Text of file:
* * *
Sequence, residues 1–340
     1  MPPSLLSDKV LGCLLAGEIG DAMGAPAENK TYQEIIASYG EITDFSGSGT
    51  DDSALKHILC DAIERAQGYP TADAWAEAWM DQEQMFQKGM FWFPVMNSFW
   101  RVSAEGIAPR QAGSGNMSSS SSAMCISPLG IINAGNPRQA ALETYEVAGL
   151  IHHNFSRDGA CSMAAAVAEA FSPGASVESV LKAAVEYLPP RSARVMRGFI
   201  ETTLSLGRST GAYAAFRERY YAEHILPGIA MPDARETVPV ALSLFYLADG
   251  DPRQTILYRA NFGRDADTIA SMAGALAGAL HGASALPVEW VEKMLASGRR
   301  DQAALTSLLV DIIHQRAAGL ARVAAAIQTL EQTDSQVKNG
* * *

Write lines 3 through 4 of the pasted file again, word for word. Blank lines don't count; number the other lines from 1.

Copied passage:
    51  DDSALKHILC DAIERAQGYP TADAWAEAWM DQEQMFQKGM FWFPVMNSFW
   101  RVSAEGIAPR QAGSGNMSSS SSAMCISPLG IINAGNPRQA ALETYEVAGL